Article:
By Betsy Barbieux, CAM, CFCAM, CMCA / Published September 2022
Picture this. A nine-member board of directors, 200-plus shareholders, and an experienced CAM go from hostile, chaotic, unfocused board meetings to an assault, a recall, and a reckoning, which leads to a creation of policies and procedures, peace, order, and focused purpose. What an amazing transformation!
While watching the transformation of this community, one might think the CAM and directors had studied the leadership principles of Attila the Hun. Yes, there are some good things to learn from Mr. Hun.
Attila was the leader of the Huns, who were a collection of fiercely independent multiracial and multilingual tribes, a people without recognizable common physical characteristics, with no observable religion, and marked by a common thread of instability and emotion. It’s interesting that this could describe the owners and atmosphere in some of our community associations.
It was recounted that Attila said, “All who are Huns and those who seek to become one of us must learn, adapt, and adhere to our customs.” So, too, the owners in our communities must submit to all the responsibilities, privileges, and restrictions contained in their governing documents.
As boards of directors and CAMs attempt to implement and enforce those responsibilities, privileges, and restrictions in the governing documents, they soon discover ambiguity, inconsistency, and huge gaps in information between what is to be done and how to do it. Left in this position, board members and CAMs stall, make inconsistent decisions, or impose personal preferences and appear arbitrary. It becomes a free-for-all community where each does what is right in his own eyes.
The Hunnish nation learned they could not have a common goal without discipline. Discipline builds morale. Morale and discipline are central to unity. Unity brings peace to the tribe.
For our communities, discipline comes in the form of policies and procedures. Policies and procedures are used (in any type of organization) to formalize the way we operate and communicate internally and with the outside world. Without them, there is arbitrary, inconsistent action and reaction, leaving owners with no sense of “this is the way we do things here.” No unity and no peace.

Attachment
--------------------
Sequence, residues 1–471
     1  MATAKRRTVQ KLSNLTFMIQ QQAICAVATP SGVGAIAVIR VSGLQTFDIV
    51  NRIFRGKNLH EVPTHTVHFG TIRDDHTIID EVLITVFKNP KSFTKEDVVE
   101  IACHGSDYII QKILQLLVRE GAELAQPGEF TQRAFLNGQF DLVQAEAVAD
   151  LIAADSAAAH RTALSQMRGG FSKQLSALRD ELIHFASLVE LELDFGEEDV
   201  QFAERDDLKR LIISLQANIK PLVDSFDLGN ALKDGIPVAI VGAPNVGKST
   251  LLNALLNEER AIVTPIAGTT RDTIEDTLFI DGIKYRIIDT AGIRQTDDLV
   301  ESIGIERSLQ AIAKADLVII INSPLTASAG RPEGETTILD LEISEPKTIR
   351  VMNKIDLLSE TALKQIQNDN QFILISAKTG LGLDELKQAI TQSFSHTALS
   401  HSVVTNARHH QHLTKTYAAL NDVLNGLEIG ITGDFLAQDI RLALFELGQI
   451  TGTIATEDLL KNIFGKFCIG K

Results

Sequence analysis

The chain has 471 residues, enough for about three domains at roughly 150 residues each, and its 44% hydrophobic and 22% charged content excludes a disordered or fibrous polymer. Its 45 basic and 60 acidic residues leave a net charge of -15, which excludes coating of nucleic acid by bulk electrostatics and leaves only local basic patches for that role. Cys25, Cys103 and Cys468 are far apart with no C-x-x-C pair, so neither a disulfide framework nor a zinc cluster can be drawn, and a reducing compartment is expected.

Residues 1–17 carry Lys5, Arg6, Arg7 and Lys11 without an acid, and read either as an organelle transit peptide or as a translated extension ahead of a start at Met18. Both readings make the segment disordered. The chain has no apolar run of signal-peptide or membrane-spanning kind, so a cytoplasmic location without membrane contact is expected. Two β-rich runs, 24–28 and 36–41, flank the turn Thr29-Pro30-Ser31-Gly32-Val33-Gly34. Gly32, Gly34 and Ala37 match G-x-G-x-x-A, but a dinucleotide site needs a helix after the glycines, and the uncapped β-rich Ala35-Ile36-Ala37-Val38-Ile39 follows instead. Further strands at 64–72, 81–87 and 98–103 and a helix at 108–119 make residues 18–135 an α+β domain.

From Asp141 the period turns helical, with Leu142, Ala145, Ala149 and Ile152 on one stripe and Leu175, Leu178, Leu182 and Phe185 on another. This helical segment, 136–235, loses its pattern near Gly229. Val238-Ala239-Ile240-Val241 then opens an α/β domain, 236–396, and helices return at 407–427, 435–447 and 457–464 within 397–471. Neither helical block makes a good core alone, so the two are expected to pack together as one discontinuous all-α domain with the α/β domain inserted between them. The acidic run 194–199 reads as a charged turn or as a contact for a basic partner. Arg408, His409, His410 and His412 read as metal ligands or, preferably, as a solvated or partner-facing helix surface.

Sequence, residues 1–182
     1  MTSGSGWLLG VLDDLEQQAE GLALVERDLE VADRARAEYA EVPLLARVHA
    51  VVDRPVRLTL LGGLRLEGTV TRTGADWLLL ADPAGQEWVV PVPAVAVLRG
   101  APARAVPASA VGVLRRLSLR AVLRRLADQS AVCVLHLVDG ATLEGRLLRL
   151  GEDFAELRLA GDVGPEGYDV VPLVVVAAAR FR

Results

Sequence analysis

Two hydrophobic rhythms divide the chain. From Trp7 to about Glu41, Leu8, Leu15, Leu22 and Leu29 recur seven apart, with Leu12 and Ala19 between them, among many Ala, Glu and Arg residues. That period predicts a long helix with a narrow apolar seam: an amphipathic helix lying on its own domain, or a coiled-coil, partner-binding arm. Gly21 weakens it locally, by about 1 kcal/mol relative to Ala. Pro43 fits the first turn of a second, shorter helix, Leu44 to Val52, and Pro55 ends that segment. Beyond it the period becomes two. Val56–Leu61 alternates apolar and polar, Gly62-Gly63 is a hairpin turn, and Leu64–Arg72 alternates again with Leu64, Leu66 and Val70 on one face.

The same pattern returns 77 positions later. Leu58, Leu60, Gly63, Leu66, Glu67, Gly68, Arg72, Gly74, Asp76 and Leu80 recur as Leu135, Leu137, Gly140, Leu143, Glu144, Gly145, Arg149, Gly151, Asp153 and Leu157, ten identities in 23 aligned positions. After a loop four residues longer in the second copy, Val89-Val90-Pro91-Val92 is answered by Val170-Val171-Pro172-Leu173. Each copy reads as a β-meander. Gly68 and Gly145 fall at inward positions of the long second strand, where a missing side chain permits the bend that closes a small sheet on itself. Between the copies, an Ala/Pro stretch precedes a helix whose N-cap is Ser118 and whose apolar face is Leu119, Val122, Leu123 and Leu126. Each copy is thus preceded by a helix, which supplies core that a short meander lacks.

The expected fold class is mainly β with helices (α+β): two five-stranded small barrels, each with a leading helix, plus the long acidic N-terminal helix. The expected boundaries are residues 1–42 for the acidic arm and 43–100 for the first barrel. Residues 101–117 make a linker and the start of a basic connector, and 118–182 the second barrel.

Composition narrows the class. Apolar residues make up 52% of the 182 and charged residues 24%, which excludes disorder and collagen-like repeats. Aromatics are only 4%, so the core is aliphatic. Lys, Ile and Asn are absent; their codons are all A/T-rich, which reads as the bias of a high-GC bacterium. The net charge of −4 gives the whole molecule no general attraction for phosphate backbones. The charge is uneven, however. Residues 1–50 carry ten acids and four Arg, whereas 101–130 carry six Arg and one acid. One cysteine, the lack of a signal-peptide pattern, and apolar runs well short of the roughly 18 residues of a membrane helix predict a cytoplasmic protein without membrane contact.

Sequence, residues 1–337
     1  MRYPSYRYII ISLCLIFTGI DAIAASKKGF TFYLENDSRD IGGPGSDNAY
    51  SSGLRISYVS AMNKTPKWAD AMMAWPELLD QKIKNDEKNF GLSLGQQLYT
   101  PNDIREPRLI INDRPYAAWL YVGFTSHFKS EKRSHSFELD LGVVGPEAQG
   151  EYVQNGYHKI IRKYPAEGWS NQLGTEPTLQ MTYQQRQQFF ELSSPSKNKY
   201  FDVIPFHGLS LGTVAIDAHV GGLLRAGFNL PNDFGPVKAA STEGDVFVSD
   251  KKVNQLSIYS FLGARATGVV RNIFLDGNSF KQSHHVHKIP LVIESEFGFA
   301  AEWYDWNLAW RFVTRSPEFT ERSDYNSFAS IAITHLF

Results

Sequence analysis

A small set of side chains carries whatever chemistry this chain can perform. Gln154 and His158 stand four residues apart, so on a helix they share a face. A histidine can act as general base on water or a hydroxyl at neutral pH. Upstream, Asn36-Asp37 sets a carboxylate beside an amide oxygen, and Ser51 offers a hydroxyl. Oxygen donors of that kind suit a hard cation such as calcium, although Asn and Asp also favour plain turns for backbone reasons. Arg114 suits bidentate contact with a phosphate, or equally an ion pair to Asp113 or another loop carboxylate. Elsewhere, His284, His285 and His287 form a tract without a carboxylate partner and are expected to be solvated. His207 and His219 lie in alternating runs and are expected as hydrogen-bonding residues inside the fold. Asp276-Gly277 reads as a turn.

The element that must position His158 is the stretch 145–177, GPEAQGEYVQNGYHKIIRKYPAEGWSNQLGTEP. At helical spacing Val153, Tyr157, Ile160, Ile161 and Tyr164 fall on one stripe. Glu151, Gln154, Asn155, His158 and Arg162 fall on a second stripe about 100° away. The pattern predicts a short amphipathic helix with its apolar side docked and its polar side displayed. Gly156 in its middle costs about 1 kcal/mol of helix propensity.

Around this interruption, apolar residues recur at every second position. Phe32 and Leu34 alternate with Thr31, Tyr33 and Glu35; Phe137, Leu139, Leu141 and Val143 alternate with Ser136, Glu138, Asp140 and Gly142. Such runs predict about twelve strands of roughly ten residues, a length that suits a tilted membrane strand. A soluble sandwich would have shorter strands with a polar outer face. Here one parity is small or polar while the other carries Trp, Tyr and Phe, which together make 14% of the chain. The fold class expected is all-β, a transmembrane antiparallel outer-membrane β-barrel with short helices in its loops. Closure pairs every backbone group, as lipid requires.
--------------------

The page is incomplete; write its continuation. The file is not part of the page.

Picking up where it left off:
Well-crafted and implemented policies and procedures will not permit deviation from the order of things within our community associations. Owners will know the board members and CAM are united in their purpose, and there is no need to “work the system.”
A lack of policies and procedures for your community creates a “contagious disease” that will run throughout your community sowing seeds of discontent, animosity, and disregard for the community standards.
It comes as a surprise to most board members and CAMs how many instances are given to them throughout the Florida law to create policies and procedures. And it is not hard to do. A few board members and concerned owners and the CAM can craft a few sentences or paragraphs of “this is how we do this,” vote on it at a properly noticed board meeting, set a date for implementation, notify and educate the owners, and do it. As each policy or procedure is developed, excerpt each one and keep it in a book or electronic folder.
What follows is a list of topics in the Florida law and other best business practice topics that board members and CAMs could consider when creating policies and procedures:
Peace and harmony in your communities will come when owners have a reasonable expectation of disciplined action and purpose by the board members and the CAM. Such was the transformation of the community described at the beginning of this article.
Leadership is the privilege to have the responsibility to direct the actions of others in carrying out the purposes of the organization, at varying levels of authority and with accountability for both successful and failed endeavors.
– Wess Roberts, Ph.D., author of Leadership Secrets of Attila the Hun
Betsy Barbieux, CAM, CFCAM, CMCA
Florida CAM Schools
Betsy Barbieux, CAM, CFCAM, CMCA, guides managers, board members, and service providers in handling daily operations of their communities while dealing with different communication styles, difficult personalities, and conflict. Effective communication and efficient management are her goals. Since 1999, Betsy has educated thousands of managers, directors, and service providers. She is your trainer for life! Betsy is the author of Boardmanship, a columnist in the Florida Community Association Journal, and a former member of the Regulatory Council for Community Association Managers. Subscribe to CAM MattersTM at www.youtube.com/c/cammatters. For more information, contact Betsy@FloridaCAMSchools.com, call (352) 326-8365, or visit www.FloridaCAMSchools.com.